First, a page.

Now that I was confirmed by the Lord that I should take over the pastorate of the church I was attending, there was the small matter of not being a licensed minister. I got my confirmation in mid-March and needed to take over the church by July. Thank goodness the Lord had already caused me to get all of my required studying out of the way years before. Our current district had a couple of extra requirements and I was able to go through them in short order, so I was meeting the district board in June and was approved for my local license (the first level in our organization). I took over the pastorate in July 2007.

It has been an interesting journey since last summer. There are so many things that you don't learn about pastoring from any other source except real life. I suppose that those who have an opportunity to be an assistant pastor for a while first may have it easier, but I didn't get to do that, so I'm not in a position to be certain.

I like the term accidental pastor because it reflects the fact that while I do now love the role and even the responsibilities that come with it, it was not something that I sought out in any way.

Friday, April 25, 2008

Green Shift

Reg Braithwaite over at raganwald has a great post about Green Shift. What is Green Shift? Well, it's a term coined by Scott Ambler (back in 2006 writing for DDJ) for a wide-spread corporate anti-pattern. The pattern does like this:

Nobody likes to report bad news to the layer above them, so managers (it's usually managers, most programmers are brutally honest) take the reports they are given and spin them positively. Repeat this for a few layers and a massive compound interest of spin will accumulate until the report that reaches the highest level has no similarity to the reality being reported on.

The reason that it's called green shift is from the "traffic light reports" that modern project management likes to employ for their reports to senior executives. Green means everything is good, yellow means there are issues to be addressed and red means serious problems. If the programmers on a team report problems, that should turn the report red for that project. This would reflect badly on the project manager, so they will often report it as yellow with a written note that they are confident that the current batch of issues will be addressed successfully in the near future. See how this is close to the truth, just with a very positive "glass half full" kind of perspective? The problem is that this is now a subjective rather than objective report. The next layer will take this report and take the project managers expectations and read them as cast-iron guarantees that the problems will be solved before the project is delivered. This layer will then pass on their report with the project status as green, because they believe that everything will come in fine at the end and that there is nothing that senior management needs to worry about. Again, they feel that they haven't lied, but have just taken a positive view of the report they received.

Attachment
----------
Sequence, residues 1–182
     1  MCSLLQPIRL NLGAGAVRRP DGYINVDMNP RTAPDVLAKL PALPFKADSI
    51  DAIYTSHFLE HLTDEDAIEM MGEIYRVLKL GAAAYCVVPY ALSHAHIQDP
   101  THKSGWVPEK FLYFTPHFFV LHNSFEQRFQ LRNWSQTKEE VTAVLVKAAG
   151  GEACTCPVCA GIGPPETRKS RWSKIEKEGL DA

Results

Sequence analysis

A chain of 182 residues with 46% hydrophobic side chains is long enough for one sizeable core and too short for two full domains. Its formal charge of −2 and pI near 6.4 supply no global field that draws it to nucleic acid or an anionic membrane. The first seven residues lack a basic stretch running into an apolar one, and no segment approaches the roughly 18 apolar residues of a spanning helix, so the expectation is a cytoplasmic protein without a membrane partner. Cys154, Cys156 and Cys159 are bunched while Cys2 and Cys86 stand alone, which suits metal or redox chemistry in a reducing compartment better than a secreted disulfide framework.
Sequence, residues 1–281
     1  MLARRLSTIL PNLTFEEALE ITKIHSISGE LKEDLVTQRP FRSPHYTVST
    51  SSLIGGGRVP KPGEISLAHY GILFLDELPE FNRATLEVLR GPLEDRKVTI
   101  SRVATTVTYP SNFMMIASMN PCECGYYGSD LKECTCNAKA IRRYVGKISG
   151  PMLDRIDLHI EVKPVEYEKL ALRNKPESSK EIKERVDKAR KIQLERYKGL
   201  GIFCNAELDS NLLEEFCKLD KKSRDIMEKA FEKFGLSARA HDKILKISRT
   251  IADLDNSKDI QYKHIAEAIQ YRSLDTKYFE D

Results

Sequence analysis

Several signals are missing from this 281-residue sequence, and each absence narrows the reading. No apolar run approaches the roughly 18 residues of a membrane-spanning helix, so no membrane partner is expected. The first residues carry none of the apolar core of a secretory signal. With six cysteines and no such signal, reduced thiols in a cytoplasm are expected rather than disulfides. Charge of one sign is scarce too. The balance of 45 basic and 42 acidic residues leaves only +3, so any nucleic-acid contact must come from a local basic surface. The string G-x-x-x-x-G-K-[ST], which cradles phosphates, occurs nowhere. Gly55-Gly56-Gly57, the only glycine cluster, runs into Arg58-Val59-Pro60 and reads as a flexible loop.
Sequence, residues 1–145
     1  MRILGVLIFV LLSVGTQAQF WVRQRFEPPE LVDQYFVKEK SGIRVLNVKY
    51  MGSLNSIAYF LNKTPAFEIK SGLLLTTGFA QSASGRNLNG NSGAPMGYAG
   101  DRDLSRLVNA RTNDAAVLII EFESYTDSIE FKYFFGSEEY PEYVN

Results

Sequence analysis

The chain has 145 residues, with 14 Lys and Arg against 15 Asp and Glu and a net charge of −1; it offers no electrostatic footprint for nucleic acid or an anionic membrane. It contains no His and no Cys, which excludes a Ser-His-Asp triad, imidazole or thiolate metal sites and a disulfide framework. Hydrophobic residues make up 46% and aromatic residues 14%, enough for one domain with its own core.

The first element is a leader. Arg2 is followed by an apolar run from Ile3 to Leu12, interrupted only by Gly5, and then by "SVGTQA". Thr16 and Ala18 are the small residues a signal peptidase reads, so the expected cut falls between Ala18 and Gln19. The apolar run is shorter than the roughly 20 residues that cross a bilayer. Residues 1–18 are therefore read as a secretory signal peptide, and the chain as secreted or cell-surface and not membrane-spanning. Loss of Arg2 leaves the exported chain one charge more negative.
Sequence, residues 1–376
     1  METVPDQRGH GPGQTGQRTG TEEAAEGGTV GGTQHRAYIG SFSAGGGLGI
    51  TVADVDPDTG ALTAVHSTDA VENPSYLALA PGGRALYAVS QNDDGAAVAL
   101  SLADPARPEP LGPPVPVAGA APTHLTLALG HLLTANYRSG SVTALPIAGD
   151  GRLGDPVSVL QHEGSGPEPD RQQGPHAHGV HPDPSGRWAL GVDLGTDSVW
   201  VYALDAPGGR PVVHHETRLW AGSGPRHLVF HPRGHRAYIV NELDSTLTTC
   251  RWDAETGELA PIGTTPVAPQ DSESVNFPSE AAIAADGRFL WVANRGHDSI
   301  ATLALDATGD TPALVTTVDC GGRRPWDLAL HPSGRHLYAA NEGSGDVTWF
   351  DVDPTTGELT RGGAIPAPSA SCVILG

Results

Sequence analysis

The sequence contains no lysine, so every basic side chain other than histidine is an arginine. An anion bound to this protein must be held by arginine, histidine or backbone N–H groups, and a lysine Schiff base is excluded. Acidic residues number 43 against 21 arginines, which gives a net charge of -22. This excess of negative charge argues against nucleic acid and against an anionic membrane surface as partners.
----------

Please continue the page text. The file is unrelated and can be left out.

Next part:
The more layers there are between the programmers and the CIO, the worse the effect gets. Unfortunately, this is a very common occurrence within Corporate America. I have seen this everywhere that I've worked and it seems to be getting worse.

This may come as a surprise to many programmers who think that it's only IS managers who suffer from this form of insanity, but it is in fact so widespread that there are classic Internet jokes about it:
In the beginning was the Plan.
And then came the Assumptions.
And the Assumptions were without form.
And the Plan was without substance.
And darkness was upon the face of the Workers.
And they spoke among themselves, saying, "It is a crock of sh-t, and it stinkith"
And the Workers went unto their Supervisors and said, "It is a pail of dung, and we cannot abide the smell."
And the Supervisors went unto their Managers, saying "It is a container of excrement, and it is very strong, such that none may abide by it."
And the Managers went unto their Directors, saying, "It is a vessel of fertilizer and none may abide its strength."
And the Directors spoke among themselves, saying to one another, "It contains that which aids plant growth, and it is very strong."
And the Directors went to the Vice Presidents, saying unto them, "It promotes growth, and it is very powerful."
And the Vice Presidents went to the President, saying unto him, "This new plan will actively promote the growth and vigor of the company with powerful effects"
And the President looked upon the Plan and saw that it was good.
And the Plan became Policy.
And that, my friends, is how sh-t happens.

[A tip of the hat to the Jewish Humor and Joke Page]

Sunday, April 20, 2008

It's All Good

Have you ever thought about the word "good"? It's used 720 times in the King James Version of the bible and represents (if my arithmetic is right) 49 different Greek and Hebrew words. This tells me that it's a very versatile word, used to describe many different aspects of that concept. The fact that the word "good" is used to describe the works of God and as one of the attributes of God, suggests to me that we have been undervaluing this fine word. During the creation, when God had finished with each day's work, he reviewed it and saw that it was good. Jesus was described as going about "doing good". Lastly, Jesus described himself as the "good shepherd". Next time you see the word good used in the bible, remember that it means bigger and better things than it's small size might normally indicate. God is good!

Saturday, April 19, 2008